Bloomberg said in the suit that U.S. taxpayers need to know the terms of Fed lending because the public became an “involuntary investor” in the nation’s banks as the financial crisis deepened and the government began shoring up companies with capital injections and loans. Citigroup Inc. and American International Group Inc. are among those who have said they accepted Fed loans.  “When an unprecedented amount of taxpayer dollars were lent to financial institutions in unprecedented ways and the Federal Reserve refused to make public any of the details of its extraordinary lending, Bloomberg News asked the court why U.S. citizens don’t have the right to know,” said Matthew Winkler, the editor-in-chief of Bloomberg News. “We’re gratified the court is defending the public’s right to know what is being done in the public interest.”

Here’s a simple set of rules that remind us about how to trade market announcements:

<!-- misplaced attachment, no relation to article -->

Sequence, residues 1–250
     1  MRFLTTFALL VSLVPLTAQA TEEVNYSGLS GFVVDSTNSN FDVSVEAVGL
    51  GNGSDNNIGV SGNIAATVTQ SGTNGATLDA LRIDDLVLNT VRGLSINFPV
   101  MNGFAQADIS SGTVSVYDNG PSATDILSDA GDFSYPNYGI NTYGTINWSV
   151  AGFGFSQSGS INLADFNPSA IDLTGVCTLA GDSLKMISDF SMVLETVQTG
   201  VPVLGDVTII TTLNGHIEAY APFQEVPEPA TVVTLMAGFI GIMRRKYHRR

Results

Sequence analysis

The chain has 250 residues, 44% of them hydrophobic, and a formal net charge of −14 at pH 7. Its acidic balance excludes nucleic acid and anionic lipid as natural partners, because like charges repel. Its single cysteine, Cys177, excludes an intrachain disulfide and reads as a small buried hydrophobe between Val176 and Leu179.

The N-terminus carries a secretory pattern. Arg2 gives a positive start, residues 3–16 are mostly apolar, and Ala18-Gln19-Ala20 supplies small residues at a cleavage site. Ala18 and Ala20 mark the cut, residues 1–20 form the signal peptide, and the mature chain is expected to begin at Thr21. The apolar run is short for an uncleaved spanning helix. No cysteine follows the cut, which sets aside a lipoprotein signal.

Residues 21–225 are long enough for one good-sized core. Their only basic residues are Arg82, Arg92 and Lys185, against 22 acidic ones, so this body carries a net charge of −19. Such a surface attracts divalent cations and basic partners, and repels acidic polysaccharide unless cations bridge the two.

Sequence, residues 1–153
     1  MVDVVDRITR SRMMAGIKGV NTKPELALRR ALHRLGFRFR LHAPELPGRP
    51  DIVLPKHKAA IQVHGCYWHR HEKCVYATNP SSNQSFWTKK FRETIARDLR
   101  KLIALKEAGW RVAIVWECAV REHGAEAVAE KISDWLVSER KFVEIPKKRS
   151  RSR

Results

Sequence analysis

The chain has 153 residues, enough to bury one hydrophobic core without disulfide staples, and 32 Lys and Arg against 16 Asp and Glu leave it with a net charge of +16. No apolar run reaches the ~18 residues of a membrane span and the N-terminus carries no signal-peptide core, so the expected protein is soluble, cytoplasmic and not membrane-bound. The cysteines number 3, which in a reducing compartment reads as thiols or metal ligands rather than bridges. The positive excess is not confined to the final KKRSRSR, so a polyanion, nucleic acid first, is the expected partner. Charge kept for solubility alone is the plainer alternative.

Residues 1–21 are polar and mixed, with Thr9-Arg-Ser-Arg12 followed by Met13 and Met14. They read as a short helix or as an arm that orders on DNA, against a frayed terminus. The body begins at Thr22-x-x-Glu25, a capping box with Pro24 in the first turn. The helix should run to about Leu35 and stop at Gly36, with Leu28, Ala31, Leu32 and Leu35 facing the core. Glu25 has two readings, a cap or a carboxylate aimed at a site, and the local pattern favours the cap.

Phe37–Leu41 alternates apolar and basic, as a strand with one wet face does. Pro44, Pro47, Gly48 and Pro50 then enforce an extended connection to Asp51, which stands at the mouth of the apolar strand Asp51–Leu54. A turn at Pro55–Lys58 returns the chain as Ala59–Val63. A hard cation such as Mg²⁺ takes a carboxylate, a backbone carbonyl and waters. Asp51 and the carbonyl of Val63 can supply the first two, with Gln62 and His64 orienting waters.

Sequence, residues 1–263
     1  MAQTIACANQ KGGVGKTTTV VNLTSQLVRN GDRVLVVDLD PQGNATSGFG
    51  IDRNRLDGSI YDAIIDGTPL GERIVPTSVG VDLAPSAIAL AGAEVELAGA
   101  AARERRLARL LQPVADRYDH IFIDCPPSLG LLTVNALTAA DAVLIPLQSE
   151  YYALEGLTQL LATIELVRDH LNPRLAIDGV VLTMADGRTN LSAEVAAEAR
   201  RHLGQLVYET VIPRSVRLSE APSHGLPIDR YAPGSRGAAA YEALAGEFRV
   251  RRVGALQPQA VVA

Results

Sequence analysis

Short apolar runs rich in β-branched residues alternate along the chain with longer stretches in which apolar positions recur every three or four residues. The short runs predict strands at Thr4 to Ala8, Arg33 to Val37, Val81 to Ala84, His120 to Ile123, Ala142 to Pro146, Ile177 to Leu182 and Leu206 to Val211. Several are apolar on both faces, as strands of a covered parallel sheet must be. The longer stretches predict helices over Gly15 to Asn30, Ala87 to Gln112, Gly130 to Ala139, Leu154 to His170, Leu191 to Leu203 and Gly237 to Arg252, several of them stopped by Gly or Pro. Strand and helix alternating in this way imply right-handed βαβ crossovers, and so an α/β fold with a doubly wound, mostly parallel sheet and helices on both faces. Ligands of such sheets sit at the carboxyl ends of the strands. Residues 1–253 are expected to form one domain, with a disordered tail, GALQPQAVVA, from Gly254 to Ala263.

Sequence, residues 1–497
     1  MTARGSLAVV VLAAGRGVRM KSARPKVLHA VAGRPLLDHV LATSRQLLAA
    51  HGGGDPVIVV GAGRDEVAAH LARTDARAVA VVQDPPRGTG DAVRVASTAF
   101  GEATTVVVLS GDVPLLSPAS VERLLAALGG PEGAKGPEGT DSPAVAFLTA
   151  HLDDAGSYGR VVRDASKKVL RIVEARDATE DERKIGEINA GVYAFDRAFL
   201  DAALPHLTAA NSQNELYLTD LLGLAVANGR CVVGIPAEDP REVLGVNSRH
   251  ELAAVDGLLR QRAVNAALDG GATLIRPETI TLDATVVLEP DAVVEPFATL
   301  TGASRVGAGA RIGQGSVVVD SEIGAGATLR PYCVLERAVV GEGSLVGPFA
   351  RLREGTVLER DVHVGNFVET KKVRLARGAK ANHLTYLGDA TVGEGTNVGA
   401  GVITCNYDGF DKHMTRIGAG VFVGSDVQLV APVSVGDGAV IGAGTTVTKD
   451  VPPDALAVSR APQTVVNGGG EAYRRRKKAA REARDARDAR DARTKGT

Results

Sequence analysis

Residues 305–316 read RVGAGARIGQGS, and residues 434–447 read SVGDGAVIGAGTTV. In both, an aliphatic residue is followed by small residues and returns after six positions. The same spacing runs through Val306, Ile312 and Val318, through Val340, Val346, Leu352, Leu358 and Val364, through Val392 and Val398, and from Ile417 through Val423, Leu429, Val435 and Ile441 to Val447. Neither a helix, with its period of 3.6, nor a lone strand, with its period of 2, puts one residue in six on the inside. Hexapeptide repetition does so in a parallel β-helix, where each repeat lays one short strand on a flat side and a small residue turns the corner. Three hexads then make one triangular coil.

Cheat sheet: reacting to data and market releases

weak data =  Fed ease, stocks rally

consensus data =  lower volatility, stocks rally

strong data =  economy strengthening, stocks rally

bank loses $4bln = bad news out of the way, stocks rally

oil spikes =  great for energy companies, stocks rally

oil drops =  great for the consumer, stocks rally

dollar plunges =  great for multinationals, stocks rally

dollar spikes =  lowers inflation, stocks rally

inflation spikes =  will inflate all assets, stocks rally

inflation drops =  improves earnings quality, stocks rally